Migraine is classified as vascular headache. Traditionally, intracranial vasoconstriction was considered responsible for the AURA and extra cranial vasodilatation for the headache. However, it now appears that vascular events are secondary to neurogenic changes. The liberation of vasoactive substances including serotonin (5HT), catecholamines, histamine, kinins, neuropeptides and prostaglandin playing an aetiological role. Migraine is classified as :
1. Migraine with aura or classical migraine
Migraine is a form of headache, which is severe, and usually one sided, frequently associated with nausea and vomiting. This is sometimes preceded by warning symptoms, which usually affect the eyesight and are known as an Aura. If the patient is among the 10% of the adults who have migraine with Aura, the warning signs about 20 minutes before the headache. These may include:
· Sparking flashes of light
· Dazzling zigzag lines in field of vision
· Slowly spreading blind spots in vision
· Weakness, numbers of tingling in face, hand or leg
· Difficulty in seeing or speaking
2. Migraine without aura or common migraine
When aura is absent that is called migraine without aura or common migraine . although a migraine without aura has no classic warning signs, the patient may have one or more symptoms of premonition several hours before headache actually strikes including
· Feeling of elation or intense energy
· Craving for sweets
· Irritability or depression
3. Retinal or ophthalmic migraine
Retinal migraine is repeated attacks of monocular scotoma or blindness lasting less than one hour and associated with headache. This condition may be broadly defined as transient or permanent monocular visual disturbances accompanying a migraine attack or occurring in an individual with a strong history of migrainous episodes. One may consider two forms of anterior visual pathway migraine. I) transient monocular blindness and ii) permanent unilateral visual loss, a much less common occurrence. The transient form has relatively stereotyped presentation, consistent with retinal or optic nerve hypo perfusion from spasm of central retinal or ophthalmic artery.
4. Basilar migraine
Basilar artery migraine (BAM) is a subtype of "Migraine with aura." The category now combines the term "basilar artery migraine" with " prosterior fossa migraine" under the term " basilar migraine" implying involvement of the basilar artery and its branches to the brainstem as well as the posterior cerebral arteries.
Basilar artery migraine has two or more of the following symptoms:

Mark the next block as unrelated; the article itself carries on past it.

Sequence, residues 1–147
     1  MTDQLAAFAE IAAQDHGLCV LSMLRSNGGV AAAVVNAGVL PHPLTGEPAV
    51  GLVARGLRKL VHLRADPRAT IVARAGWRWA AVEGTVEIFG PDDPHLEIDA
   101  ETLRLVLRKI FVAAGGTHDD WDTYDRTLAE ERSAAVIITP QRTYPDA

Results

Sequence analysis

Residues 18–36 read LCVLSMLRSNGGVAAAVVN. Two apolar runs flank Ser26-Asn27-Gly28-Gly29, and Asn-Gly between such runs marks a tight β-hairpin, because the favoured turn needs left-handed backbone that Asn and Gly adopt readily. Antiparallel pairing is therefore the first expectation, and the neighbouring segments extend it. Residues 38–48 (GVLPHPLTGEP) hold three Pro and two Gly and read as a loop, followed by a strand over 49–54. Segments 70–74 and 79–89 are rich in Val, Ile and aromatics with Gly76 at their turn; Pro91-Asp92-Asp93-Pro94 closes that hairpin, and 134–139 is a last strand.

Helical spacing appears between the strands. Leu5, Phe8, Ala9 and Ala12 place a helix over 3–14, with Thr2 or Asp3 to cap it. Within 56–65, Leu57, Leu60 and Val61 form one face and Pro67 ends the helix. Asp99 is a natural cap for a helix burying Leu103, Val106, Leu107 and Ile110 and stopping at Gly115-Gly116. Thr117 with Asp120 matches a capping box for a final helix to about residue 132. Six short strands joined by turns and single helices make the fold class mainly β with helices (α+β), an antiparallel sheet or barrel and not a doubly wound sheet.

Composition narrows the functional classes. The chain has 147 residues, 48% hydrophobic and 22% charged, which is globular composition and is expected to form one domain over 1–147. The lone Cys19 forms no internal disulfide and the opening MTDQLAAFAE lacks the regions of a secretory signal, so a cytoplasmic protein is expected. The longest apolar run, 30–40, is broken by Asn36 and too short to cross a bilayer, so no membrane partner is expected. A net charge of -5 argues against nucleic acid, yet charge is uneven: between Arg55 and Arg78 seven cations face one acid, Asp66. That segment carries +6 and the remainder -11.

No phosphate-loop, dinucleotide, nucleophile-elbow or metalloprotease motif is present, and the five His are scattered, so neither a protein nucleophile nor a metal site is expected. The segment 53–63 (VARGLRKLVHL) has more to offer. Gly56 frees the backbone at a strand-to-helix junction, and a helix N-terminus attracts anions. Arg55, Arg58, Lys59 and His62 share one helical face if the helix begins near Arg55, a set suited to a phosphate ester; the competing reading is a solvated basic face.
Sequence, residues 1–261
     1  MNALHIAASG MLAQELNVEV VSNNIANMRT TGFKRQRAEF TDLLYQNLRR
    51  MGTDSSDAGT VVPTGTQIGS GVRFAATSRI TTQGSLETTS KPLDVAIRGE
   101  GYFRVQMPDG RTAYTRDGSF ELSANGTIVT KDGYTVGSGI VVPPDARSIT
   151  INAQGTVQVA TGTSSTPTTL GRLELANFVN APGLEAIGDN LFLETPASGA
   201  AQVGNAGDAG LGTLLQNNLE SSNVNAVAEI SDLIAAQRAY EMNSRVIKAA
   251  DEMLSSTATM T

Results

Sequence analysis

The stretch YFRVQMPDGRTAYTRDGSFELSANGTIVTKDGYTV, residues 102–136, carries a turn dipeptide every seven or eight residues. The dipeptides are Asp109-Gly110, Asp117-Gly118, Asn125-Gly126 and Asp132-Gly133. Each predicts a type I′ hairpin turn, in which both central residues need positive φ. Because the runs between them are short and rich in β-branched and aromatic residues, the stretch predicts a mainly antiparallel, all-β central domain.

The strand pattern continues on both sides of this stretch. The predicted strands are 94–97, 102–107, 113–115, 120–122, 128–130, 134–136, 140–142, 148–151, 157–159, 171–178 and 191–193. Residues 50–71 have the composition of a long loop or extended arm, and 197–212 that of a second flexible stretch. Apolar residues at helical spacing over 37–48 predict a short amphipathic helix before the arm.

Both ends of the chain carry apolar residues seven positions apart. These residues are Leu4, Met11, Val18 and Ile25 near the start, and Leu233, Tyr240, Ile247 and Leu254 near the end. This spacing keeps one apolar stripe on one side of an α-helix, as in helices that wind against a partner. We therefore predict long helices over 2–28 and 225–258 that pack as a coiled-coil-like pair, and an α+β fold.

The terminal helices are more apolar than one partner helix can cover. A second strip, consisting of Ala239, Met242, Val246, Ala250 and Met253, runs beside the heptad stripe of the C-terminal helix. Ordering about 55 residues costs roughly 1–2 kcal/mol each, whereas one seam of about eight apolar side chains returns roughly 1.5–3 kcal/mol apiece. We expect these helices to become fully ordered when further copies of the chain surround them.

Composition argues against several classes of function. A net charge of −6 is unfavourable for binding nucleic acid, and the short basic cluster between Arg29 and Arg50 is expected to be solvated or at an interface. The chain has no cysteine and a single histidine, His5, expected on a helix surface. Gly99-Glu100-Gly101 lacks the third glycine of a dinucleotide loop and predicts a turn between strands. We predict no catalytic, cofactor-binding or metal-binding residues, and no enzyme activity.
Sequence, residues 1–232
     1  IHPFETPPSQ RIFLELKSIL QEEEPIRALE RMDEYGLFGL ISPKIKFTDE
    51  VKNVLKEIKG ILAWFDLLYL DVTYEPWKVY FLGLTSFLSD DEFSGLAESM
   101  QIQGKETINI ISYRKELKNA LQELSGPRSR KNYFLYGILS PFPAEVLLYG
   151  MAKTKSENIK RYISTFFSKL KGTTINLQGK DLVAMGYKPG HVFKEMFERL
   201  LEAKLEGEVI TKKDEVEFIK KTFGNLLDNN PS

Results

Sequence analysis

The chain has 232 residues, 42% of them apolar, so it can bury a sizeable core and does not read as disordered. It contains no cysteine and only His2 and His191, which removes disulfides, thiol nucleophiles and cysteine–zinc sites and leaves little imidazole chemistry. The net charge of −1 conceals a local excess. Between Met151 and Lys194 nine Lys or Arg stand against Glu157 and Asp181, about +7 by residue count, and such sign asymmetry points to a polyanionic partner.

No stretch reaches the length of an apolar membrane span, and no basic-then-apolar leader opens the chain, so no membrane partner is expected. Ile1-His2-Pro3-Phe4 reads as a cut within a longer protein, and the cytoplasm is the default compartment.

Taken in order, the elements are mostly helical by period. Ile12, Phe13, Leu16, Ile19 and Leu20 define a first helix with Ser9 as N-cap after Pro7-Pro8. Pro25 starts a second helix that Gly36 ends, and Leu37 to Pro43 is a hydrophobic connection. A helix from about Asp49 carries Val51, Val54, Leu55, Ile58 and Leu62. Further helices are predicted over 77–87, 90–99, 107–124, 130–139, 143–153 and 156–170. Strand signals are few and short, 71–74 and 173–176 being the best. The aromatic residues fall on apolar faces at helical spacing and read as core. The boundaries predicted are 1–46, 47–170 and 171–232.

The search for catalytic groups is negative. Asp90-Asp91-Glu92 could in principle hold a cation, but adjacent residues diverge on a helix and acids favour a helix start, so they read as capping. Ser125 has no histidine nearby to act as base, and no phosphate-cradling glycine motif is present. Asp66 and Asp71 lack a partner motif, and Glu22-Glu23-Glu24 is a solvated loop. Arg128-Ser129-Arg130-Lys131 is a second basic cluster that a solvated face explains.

· Visual symptoms (bilateral temporal and nasal fields) double vision
· Dysarthria, Ataxia
· Vertigo, tinnitus
· Bilateral parenthesis, decreased hearing
· Decreased level of consciousness, bilateral paresis
5. Familial Hemiplegic Migraine
An autosomal dominant characterized by attacks of transient hemi paresis followed by a migraine headache, is divided into pure familial hemiplegic migraine (affecting 80% of families) and familial hemiplegic migraine with premature cerebellar signs(affecting 20% of families). Familial Hemiplegic Migraine (FHM) is a type of maigraine with aura.
6. Complicated Maigraine
Complicated maigraine is a type of migraine in which migraine attacks are accompanied by permanent neurological deficits, such as paralysis.
7. Menstrual Migraine
Migraine is thought to affect 15% to 20% of women and according to the American Academy of Neurotology, an estimated 50% of these women experience migraine due to hormonal changes experienced during their menstrual cycle. Menstrual migraine can be divided into two, firstly True Menstrual Migraine - with attacks that occur 2 days prior during and up to 3 days after the menstrual period and at no other times is triggered off by this rapid fall in levels of oestrogen. The fall of progesterone leads to the bleeding but does not contribute to headache. Falls in oestrogen likely influence chemicals in the brains such as serotonin, adrenalin, dopamine and endorphins. Changes in activity of these brain trigger the development of migraine headache and secondly, Menstrual Associated Migraine (sometimes referred to as Menstrual Related Migraine) with attacks that occur during midcycle or around three time of ovulation. Menstrual migraines are generally of longer duration, more in debilitating more likely to recur and more resistant to treatment than other migraine.
8. Abdominal Migraine
Abdominal migraine is an idiopathic disorder seen in mainly in children. It is also known as "periodic syndrome." The symptoms are of recurrent episodes of midline abdominal pain with attacks lasting 1 - 72 hours and complete normality between episodes. The pain is of moderate to severe intensity and is felt in the midline of the abdomen, usually around the umbilicus, or poorly localized. The attacks of pain are usually accompanied by anorexia and nausea and half of the patients will vomit with at least some attacks although some patient may appear flushed. Associated symptoms include photophobia, phonophobia and dizziness.
9. Post hypoglycaemic Migraine
Post hypoglycaemic migraine may occur exceptionally in patients with unstable diabetes as a rebound phenomenon caused by an unidentified mechanism. There is an increased prevalence of headache in persons with diabetes. Although hypoglycaemic may precipitate headache in some diabetic patients. Baseline electroencephalogram was normal but showed mild slowing of background in immediate posthypoglycaemic state. Computerized tomography of the head demonstrated mild atrophic changes. Severe bout of hypoglycaemic and migraine were ameliorated by hypoglycaemic treatment.